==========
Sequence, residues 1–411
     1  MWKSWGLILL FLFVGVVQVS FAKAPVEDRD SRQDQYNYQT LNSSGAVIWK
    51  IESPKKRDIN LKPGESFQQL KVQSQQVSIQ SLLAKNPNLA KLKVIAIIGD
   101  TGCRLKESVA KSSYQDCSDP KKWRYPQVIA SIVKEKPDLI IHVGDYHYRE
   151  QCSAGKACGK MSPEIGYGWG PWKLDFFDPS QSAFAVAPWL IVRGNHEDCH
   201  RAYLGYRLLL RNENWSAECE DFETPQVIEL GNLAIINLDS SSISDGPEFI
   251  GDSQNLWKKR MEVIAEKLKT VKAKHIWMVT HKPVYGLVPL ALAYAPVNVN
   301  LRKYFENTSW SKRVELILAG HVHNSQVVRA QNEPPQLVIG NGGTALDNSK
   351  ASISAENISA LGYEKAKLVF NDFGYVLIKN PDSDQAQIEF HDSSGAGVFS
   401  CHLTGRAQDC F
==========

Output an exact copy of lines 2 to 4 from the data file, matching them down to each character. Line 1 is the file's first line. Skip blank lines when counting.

     1  MWKSWGLILL FLFVGVVQVS FAKAPVEDRD SRQDQYNYQT LNSSGAVIWK
    51  IESPKKRDIN LKPGESFQQL KVQSQQVSIQ SLLAKNPNLA KLKVIAIIGD
   101  TGCRLKESVA KSSYQDCSDP KKWRYPQVIA SIVKEKPDLI IHVGDYHYRE